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A Morbid Taste for Bones: The First…

A Morbid Taste for Bones: The First Chronicle of Brother Cadfael (1977)

by Ellis Peters

Other authors: See the other authors section.

Series: Brother Cadfael (1)

MembersReviewsPopularityAverage ratingMentions
2,764712,118 (3.81)181
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    ahef1963: More monks, more deaths.

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» See also 181 mentions

English (64)  French (2)  Italian (2)  Catalan (1)  Finnish (1)  Spanish (1)  All (71)
Showing 1-5 of 64 (next | show all)
Brother Cadfael is a former crusader who has come to the priesthood late in life. Though his monastery is in England, Cadfael is a Welshman.

The monastery's abbot, Prior Robert, decides the monastery needs a reliquary. His target is a saint buried in a small Welsh village. A group of monks begin the journey to acquire the saint's bones with Cadfael going along as interpreter. Not surprisingly, the villagers are opposed to the saint's bones
being removed to England. When the leader of the opposition is found murdered, Cadfael, knowing the monks are responsible for the death, commits himself to solving the mystery.

The mystery is a good one and Cadfael is a very likeable character. ( )
  clue | Oct 7, 2017 |
Brother Cadfael cares more for his garden and his herbs than for the potential power of the monastic hierarchy. He watches with a tolerant but ironic eye as the ambitious Prior Robert seeks to gain worldly glory for Shrewsbury Abbey, spurred on by the desire to compete with other nearby monasteries. What Shrewsbury really needs is to attract more pilgrims, who will bring money and influence to the Abbey. How to get pilgrims? Why, they need a saint! It’s too bad that there is no native saint at the Abbey. Fortunately, Providence is on Robert’s side. His friend Brother Jerome is vouchsafed a vision, in which he is visited by the virgin saint Winifred. She is fed up of the indifference shown towards her bones by the people of Gwytherin, where she lies buried, and wishes to be translated to a more devout home. To prove her goodwill towards the Abbey, she has even cured the young would-be mystic, Brother Columbanus, of his falling fits. It is a sign! (A most convenient sign, notes Cadfael.) With the abbot’s permission, Robert gathers an entourage to set off into Wales to bring their new saint home...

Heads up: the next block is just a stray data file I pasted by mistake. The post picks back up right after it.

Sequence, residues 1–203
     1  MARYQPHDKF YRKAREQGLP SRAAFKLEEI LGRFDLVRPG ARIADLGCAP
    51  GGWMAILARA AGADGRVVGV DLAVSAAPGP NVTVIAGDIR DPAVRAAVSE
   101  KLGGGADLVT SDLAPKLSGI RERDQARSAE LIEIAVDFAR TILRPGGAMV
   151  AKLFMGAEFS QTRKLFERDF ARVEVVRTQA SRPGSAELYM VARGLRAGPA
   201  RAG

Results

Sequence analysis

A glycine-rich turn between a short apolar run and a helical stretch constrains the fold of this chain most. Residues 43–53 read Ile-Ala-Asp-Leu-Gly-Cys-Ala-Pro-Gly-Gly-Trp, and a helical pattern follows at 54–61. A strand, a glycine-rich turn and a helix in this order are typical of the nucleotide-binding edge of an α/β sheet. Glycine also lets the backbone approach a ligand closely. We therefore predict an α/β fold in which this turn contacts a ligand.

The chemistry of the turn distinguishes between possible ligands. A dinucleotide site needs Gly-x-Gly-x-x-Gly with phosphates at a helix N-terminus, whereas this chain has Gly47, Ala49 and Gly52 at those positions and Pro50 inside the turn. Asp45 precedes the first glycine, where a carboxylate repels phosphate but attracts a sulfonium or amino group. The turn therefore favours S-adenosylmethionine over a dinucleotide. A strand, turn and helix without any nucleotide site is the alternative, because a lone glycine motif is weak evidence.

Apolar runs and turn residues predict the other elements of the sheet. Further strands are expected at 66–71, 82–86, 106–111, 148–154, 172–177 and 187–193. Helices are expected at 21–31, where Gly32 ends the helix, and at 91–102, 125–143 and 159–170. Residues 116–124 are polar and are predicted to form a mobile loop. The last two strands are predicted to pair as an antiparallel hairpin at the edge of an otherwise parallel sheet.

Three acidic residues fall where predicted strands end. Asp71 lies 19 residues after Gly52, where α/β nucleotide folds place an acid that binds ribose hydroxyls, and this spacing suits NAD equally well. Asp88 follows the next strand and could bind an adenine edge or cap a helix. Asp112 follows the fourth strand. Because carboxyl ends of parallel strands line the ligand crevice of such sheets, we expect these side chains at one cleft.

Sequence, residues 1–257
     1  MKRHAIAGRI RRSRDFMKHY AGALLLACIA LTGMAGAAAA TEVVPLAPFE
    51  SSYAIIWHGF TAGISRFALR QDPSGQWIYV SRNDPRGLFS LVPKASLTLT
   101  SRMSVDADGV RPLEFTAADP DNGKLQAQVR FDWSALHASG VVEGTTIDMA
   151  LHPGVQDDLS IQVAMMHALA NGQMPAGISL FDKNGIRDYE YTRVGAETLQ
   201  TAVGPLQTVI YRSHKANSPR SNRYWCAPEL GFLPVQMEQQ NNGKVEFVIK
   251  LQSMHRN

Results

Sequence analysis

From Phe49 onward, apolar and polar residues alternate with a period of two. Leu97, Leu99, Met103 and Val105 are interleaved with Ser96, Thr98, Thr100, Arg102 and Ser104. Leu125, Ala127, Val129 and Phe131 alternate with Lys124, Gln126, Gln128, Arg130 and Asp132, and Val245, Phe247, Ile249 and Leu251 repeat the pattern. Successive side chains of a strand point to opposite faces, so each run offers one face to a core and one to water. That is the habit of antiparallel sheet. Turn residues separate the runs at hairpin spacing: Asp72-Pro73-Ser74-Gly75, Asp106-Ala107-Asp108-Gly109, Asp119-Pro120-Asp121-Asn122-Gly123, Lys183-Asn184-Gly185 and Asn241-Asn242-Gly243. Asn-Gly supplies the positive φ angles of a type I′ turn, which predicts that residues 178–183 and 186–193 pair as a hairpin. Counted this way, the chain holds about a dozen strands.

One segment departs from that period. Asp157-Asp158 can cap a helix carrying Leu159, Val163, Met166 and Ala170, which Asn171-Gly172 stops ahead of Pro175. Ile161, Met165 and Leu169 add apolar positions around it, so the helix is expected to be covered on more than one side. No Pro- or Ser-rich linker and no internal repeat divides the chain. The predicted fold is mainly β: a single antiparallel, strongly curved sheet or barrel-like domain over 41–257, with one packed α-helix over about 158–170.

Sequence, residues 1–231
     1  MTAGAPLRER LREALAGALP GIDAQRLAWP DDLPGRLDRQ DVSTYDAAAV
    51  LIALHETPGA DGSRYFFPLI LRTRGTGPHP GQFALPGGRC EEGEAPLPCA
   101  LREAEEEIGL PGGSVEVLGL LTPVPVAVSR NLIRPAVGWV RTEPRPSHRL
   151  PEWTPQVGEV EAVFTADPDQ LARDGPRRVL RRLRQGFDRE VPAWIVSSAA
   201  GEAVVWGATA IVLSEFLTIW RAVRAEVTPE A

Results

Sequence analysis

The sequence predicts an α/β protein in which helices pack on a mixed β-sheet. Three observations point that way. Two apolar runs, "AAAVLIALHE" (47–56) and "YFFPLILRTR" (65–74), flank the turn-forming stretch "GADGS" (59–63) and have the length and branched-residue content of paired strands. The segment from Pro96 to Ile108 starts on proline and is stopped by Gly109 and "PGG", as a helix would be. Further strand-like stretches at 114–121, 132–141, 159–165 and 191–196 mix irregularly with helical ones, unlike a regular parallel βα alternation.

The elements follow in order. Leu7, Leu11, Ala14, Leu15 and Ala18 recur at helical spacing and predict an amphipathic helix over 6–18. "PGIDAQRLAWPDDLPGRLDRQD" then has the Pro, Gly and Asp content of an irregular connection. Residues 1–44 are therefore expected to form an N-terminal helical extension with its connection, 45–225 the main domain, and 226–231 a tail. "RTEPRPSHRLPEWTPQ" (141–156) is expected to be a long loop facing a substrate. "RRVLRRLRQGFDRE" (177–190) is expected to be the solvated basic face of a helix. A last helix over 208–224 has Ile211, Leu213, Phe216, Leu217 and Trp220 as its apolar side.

For the full review, please see my blog:
https://theidlewoman.net/2017/08/20/a-morbid-taste-for-bones-ellis-peters/ ( )
  TheIdleWoman | Aug 28, 2017 |
Read for the Book Riot Read Harder Challenge 2, 2016 (historical fiction before 1900).

Things I learned: Poppies are powerful. Don't mess with them.

This is "the first chronicle of Brother Cadfael, of the Benedictine Abbey of Saint Peter and Saint Paul, at Shrewsbury." As such, it offers an introduction to Brother Cadfael, and the other inhabitants of Shrewsbury Abbey.

Brother Cadfael goes on a mission with Prior Robert and some other brothers to obtain the relics of St. Winifred. This project is "inspired" by the visions of one Brother Columbanus, who is an interesting blend of the ethereal and worldly, in that he is ambitious, in addition to experiencing visions.

The characters that Brother Cadfael meets in the Welsh town of Gwytherin, where St. Winifred's bones lie, is interesting and engaging.

The plot seems confusing, but all comes right in the end, and it makes sense. ( )
  harrietbrown | Jun 24, 2017 |
A monk detective, and not the one with OC.

Enjoyed Brother Cadfael's clear-eyed thoughts on a less-than-perfect religious order. I like and approve of his brand of justice. Besides the mystery solved, it was satisfying to see that everyone, including Prior Robert and his scheming posse, got what they deserved. ( )
  mrsrobin | Jun 24, 2017 |
Having seen several of the tv series, and really liking them, I went into this series with a bit of trepidation.

This book more than met my expectations. Especially for a mystery. ( )
  BookstoogeLT | Dec 10, 2016 |
Showing 1-5 of 64 (next | show all)